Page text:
Police in Massachusetts use many different techniques to gather evidence in a criminal investigation. One of the most frequently used techniques is the pre-arranged transaction, such as the sale and purchase of illegal drugs. To execute the scheme, a police officer will offer to sell (or purchase) illegal drugs from the suspect, and the suspect will be arrested as soon as the transaction is complete. Many people wonder how a person can be convicted of a felony when the police played an active role in commission of the crime itself. The ability of the police to use such a technique to gather evidence is sharply limited by the “entrapment defense.”
A person cannot be convicted of a crime when the intent to engage criminal conduct was induced by the police. A person asserting the entrapment defense must show that he or she had no intention of engaging in criminal conduct before the police took actions to persuade the person to commit the crime in question. In other words, a person who had formed an intent to commit a crime before the police acted cannot rely on the entrapment defense.
In Massachusetts, courts have ruled that whether entrapment occurred depends upon the suspect’s state of mind. If the police brought about an innocent suspect’s disposition to engage in criminal activity, the entrapment defense will apply. If, however, the police did nothing more than set a trap to catch a person who was already disposed to commit a crime, the entrapment defense will not prevail. The police are prohibited from entrapping unwary innocent persons, but they can properly use undercover methods to gather evidence against a person who has already formed a criminal intent.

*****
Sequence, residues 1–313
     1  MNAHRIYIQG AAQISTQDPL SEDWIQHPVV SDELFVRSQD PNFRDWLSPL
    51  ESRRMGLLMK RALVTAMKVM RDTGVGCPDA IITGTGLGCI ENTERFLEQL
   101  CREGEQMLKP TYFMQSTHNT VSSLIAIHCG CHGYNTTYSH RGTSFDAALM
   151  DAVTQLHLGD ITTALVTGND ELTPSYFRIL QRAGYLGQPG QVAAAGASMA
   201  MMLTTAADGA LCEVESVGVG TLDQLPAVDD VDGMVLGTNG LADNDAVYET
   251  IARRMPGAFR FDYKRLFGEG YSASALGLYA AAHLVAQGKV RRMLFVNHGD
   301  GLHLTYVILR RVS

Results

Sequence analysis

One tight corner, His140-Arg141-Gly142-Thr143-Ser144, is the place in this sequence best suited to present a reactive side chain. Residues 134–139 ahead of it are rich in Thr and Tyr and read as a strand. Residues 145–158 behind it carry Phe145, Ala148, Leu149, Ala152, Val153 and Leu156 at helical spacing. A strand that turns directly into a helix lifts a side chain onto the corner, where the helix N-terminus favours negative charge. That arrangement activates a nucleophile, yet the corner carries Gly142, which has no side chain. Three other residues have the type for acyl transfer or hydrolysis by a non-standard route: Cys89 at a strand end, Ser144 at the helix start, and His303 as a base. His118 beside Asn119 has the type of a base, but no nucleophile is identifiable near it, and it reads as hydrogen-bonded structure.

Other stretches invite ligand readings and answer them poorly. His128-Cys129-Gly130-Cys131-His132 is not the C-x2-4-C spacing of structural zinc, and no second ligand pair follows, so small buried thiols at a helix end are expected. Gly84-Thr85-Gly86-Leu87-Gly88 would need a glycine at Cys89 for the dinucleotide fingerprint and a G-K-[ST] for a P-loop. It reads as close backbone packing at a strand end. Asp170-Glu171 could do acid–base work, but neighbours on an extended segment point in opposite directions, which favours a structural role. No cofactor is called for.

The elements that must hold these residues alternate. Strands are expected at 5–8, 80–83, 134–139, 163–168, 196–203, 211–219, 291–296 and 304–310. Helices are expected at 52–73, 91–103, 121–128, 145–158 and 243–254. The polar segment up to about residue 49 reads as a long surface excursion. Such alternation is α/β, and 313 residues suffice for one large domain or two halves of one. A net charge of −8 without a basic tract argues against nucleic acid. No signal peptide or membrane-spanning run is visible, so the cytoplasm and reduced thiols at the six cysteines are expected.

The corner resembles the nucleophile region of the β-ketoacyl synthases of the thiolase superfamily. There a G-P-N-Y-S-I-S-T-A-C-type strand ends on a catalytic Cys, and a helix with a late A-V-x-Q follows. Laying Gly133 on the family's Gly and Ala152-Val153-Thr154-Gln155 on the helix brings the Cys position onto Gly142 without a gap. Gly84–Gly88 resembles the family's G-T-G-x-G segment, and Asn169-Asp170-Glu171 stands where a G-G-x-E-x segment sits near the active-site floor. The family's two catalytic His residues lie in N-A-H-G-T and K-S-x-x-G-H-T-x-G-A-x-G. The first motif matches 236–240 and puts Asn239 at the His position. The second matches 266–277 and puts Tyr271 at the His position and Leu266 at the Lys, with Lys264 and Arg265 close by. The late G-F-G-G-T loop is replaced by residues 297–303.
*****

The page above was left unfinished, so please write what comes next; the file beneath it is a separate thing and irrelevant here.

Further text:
Making successful use of the entrapment defense is not always easy to do. Those who want to utilize this defense strategy should make sure they fully understand the law behind the entrapment defense and how it will apply to the unique facts of their case.
Source: Commonwealth of Massachusetts Criminal Model Jury Instructions, “Instruction No. 9140 – Entrapment,” accessed on April 29, 2018